When you really think about it, the only upside of digital readers is that they can hold the contents of several books. Perhaps helpful for academics and researchers; but personally I'm usually only reading one book at any given moment. I may be in the middle of several books, but I usually keep them where I am mostly likely to reading them: the paperback in my totebag for reading on the subway, a hardback next to the livingroom chair, and something of a nonfiction nature at my bedside. The nice thing is, they stay right where I need them. That's another downside to e-readers that I can see: you would have to cart the thing around with you from room to room; you can't leave it at the bedside when you leave for work in the morning or you won't have anything to read on the subway.

And just try to use that button covered plastic thingie to even up table legs, or press flowers. I bet you can't tuck a photo or recipe inside for safekeeping, either.

Monday, February 11

And the answer is ...

You aren't cheating, are you? I hope you at least tried to answer the questions before heading over here.

  1. Scope, CMS, and Jen-T (although I don't know if Jen says "aboot." CMS does, although she denies it.)

  2. Pittsburgh (And she left it in favor of Men In Kilts, can you imagine?)

  3. Carpeting (which has never been satisfactorily explained)

  4. Mary (it sounds just like her, doesn't it?)

  5. Canada (they were supposed to have dinner with Scope and CMS)

  6. Elizabeth Bishop (I've got nothing on this one)

  7. A hole in the wall (Actually, the advice wasn't so much re the hole as what she should hide behind it. And I don't think she's ever said.)

  8. University of California, Santa Cruz (and the mascot is a banana slug ... you have to wonder about the message that sends)

  9. CMS (there should be some kind of medal for that, don't you think?)

  10. Twinkle Toes (now that I think about, I believe the nickname was thrust upon her rather than chosen.

  11. Lee Child (That was CC's doing. By all accounts he was a good sport about it. Could be he's fan experiences even more bizarre than that.)

  12. The Moles (Tal, Tal, come back Tal!)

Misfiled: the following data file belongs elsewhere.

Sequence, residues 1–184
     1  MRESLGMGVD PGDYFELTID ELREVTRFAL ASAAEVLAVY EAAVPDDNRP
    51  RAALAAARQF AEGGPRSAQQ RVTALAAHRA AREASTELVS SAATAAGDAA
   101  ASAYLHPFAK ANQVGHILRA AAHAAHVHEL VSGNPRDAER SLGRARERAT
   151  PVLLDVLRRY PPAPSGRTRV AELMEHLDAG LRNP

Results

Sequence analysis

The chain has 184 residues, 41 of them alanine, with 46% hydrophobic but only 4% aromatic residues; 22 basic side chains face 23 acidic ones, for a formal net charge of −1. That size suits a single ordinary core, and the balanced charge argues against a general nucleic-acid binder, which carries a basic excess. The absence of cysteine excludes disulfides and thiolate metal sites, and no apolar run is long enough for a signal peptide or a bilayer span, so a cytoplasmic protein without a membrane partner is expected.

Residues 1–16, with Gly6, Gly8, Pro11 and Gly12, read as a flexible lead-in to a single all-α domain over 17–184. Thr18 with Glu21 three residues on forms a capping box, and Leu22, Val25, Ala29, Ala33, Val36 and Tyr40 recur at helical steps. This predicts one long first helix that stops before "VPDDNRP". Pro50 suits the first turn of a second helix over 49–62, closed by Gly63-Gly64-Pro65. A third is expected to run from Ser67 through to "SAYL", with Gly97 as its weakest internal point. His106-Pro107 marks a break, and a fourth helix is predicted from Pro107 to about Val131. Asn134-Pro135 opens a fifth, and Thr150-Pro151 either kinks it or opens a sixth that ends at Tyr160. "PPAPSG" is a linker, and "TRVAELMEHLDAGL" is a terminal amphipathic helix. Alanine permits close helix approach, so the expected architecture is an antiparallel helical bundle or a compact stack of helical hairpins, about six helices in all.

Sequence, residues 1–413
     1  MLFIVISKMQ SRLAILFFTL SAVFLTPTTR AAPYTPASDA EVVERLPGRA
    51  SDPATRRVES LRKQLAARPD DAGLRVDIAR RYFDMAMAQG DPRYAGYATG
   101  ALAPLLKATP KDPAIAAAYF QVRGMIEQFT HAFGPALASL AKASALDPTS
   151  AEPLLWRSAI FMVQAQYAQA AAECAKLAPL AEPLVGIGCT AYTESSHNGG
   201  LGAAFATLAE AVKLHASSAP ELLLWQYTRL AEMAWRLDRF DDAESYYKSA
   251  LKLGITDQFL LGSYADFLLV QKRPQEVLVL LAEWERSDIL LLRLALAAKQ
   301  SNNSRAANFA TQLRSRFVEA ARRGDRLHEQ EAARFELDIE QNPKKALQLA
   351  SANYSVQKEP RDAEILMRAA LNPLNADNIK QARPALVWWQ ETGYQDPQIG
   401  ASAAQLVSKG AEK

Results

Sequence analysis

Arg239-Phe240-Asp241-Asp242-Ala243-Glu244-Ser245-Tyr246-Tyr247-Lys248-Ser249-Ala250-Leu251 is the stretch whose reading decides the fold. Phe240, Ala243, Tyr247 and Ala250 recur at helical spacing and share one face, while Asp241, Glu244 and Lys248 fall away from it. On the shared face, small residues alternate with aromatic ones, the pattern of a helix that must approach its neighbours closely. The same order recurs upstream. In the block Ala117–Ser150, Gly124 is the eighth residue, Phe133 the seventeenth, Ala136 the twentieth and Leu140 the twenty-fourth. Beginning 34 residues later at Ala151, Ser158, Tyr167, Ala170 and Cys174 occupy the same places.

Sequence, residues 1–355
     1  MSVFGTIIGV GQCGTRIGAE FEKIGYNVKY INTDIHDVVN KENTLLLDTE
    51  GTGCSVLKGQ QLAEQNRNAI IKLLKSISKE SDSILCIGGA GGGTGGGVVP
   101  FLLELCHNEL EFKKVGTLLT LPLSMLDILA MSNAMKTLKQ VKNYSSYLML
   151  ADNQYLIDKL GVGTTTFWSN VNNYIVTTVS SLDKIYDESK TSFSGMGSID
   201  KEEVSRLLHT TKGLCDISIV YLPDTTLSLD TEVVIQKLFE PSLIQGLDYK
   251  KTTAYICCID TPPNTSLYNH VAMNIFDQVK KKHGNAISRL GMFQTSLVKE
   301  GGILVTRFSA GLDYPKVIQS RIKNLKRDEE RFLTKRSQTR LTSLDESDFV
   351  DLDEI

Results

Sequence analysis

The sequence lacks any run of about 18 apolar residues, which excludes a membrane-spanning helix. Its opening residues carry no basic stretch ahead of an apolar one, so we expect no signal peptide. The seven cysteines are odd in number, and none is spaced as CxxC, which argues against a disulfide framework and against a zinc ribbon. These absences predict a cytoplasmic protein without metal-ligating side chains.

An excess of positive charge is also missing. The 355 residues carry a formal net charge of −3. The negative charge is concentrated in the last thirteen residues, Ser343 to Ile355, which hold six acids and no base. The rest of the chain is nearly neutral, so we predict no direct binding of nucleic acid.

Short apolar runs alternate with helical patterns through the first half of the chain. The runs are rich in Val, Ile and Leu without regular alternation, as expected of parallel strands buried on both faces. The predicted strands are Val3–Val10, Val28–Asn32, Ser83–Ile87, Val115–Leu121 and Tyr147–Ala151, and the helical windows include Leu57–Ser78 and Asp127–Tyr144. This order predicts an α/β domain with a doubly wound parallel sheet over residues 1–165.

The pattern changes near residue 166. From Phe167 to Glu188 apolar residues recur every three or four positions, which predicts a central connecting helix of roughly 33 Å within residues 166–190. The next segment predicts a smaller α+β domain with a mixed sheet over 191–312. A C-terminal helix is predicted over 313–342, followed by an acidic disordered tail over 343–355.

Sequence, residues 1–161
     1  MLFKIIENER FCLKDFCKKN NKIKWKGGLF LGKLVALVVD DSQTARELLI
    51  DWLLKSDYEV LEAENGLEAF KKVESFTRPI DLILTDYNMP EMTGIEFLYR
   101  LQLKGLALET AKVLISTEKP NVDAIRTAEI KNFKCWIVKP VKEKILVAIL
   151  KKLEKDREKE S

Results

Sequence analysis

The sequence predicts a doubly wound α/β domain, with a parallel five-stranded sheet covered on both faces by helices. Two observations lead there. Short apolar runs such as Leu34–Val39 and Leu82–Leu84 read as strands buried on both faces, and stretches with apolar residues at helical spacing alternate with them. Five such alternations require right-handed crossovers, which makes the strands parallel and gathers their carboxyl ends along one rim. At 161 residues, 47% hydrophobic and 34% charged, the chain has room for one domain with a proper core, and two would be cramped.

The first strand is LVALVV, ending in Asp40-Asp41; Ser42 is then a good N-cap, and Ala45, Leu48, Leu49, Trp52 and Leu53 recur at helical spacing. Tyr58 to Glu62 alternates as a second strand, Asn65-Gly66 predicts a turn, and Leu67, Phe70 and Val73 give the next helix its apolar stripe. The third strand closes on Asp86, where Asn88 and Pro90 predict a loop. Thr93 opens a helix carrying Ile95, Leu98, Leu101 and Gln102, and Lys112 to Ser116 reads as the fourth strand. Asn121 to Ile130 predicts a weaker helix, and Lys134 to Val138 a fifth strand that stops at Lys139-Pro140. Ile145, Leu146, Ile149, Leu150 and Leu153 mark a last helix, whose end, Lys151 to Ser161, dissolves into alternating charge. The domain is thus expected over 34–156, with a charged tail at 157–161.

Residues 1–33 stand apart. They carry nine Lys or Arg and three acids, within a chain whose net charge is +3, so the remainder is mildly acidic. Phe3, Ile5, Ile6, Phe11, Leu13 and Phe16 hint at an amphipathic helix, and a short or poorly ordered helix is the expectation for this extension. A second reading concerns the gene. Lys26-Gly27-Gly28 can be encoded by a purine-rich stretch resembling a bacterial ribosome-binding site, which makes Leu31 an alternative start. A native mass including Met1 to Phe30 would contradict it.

13. the dip (Probably she didn't mean BCB. Probably.)

  14. Regis (nobody ever explained that one to me, either)

  15. Speen (it even sounds evil, doesn't it?)

So how did you do?

Wednesday, February 6

It's That Time Again

Yesterday was Super Tuesday *shudder*. From now until November rational conversation with rational people will be impossible. I work in the Nation's Capital and the entire region is caught up in a political fever and this town is insanely political at the best of times. At least this election, for the first time in my own voting memory, is a true contest. It will still be nuts around here, but at least interesting.

One of things that makes me craziest about politics is the whole notion of party politics. One guy is supposed to be better than the other because of the color campaign button he wears? Oh puleeze. The whole idea of voting a straight party ticket, or of backing a candidate solely because of the party he represents makes no sense at all. In the first place, no one political party can hold all the answers to every issue. There are things that need dealt with conservatively, and things which would benefit from a more open minded (dare I say liberal?) approach. Sometimes we need to lean a little more to the left, and sometimes a little more to the right. In truth, most things need dealt with from somewhere in the middle.

In the second place, how can you judge a leader by nothing more than his party affiliation? Isn't the individual more important? What does it matter what his party stands for if he's incapable of standing up for anything, abuses the power of the office, can't think for himself? Doesn't the ability to govern conscientiously matter more than whether someone's tie is blue, red, or polka dot?